Although the President has often mentioned in unflattering terms the U.S.-backed coup in Iran that overthrew then-Prime Minister Mohammad Mossadegh in 1953, the White House said Friday that he has "no specific plans" to issue a formal apology — something the present government in Iran has long insisted upon as part of a more cordial relationship with the U.S.
At the regular White House press briefing Friday, Newsmax recalled how President Obama has twice mentioned the coup that deposed Mossadegh and restored the Shah of Iran to power.
Noting that Obama came very close to apologizing in both his famed Cairo speech on democracy in 2009 and his address to the United Nations in 2013, we asked Press Secretary Josh Earnest if a formal apology to Tehran for the events of 1953 would be forthcoming.
"I'm not aware of any specific plans for an apology," Earnest replied.
The President's top spokesman went on to tell us he was "confident that the comments you cited that the President delivered both in Cairo and at the United Nations were words that were carefully chosen.
"So when it comes to the Administration and the President's view of these historic events, I would refer you to his comments there."
Newsmax also referred to the suggestion of some that rather than an apology, the administration might consider a joint statement by Washington and Tehran in which each acknowledged there were mistakes made in the 1953 coup and in the seizure of American embassy personnel as hostages in 1979.
But Earnest did not offer anything more on the subject, simply agreeing there was "nothing new" on a statement dealing with "these historic events."
In 1953, With CIA operative Kermit Roosevelt (grandson of Teddy) overseeing street demonstrations and contacts with the Iranian military in Tehran, Mossadegh was deposed and the Shah— then in exile in Rome — returned to power and ruled until the Islamic revolution of 1979.
Mossadegh was found guilty of misuse of power and remained under house arrest in Ahmadabad until his death in 1967 at age 84.
The subject of Mossadegh's overthrow and the U.S. hand in it has long interested the President. In his 2006 book "The Audacity of Hope," then-Sen. Obama mentioned the 1953 coup as an example of U.S. overreach and making alliances with friendly strongmen. In his address in Cairo in June of '09, Obama, speaking to "the Muslim world," became the first sitting president to acknowledge the 1953 coup.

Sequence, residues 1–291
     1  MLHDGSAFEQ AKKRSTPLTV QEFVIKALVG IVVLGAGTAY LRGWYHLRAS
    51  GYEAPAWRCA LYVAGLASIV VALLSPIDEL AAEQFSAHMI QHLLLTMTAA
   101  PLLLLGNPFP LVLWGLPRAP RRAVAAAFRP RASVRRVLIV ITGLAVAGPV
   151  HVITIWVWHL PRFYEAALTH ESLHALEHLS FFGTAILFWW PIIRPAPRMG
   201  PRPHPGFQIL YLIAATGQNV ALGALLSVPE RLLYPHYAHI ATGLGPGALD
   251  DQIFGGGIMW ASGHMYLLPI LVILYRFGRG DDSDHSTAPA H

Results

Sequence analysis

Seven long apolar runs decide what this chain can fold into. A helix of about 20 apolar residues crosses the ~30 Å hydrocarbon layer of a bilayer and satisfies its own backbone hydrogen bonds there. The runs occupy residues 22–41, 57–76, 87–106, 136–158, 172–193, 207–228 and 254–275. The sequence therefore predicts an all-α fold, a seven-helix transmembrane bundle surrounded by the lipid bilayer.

Referring to the long mistrust of the U.S. by Iran, Obama told the U.N. in September 2013, "This mistrust has deep roots. Iranians have long complained of a history of U.S. interference in their affairs, and America's role in overthrowing an Iranian government during the Cold War.
"I don't believe this difficult history can be overcome overnight," he added. "The suspicions run too deep."
During the recent negotiations over Iran's nuclear capability, talk of a U.S. apology for its role in the overthrow of Mossadegh resurfaced. Believing that a "nuanced apology" with "too many 'ifs,' 'ands' and 'buts'" serves no useful purpose, Brown University professor and former New York Times reporter Stephen Kinzer began the call for a joint statement in which both the U.S. and Iran acknowledged errors in the 1953 coup and the 1979 hostage seizure respectively.
"A very senior Iranian official with ties to its religious leaders should sit down with a U.S. official who is above politics," said Kinzer, author of "All the Shah's Men" about the topping of Mossadegh, "I think Tom Pickering [career diplomat and U.N. ambassador under George H.W. Bush] would be outstanding for a job like this. Let's send him to Iran and let him go from there."
On Sunday, returning to the U.S. after two weeks in Iran, Kinzer told Newsmax that "[P]erhaps the time is not yet ripe. But after the nuclear deal is concluded, all kinds of possibilities might open up. [Secretary of State] John Kerry must be dreaming about going to Iran. That would be a good time for a joint statement."
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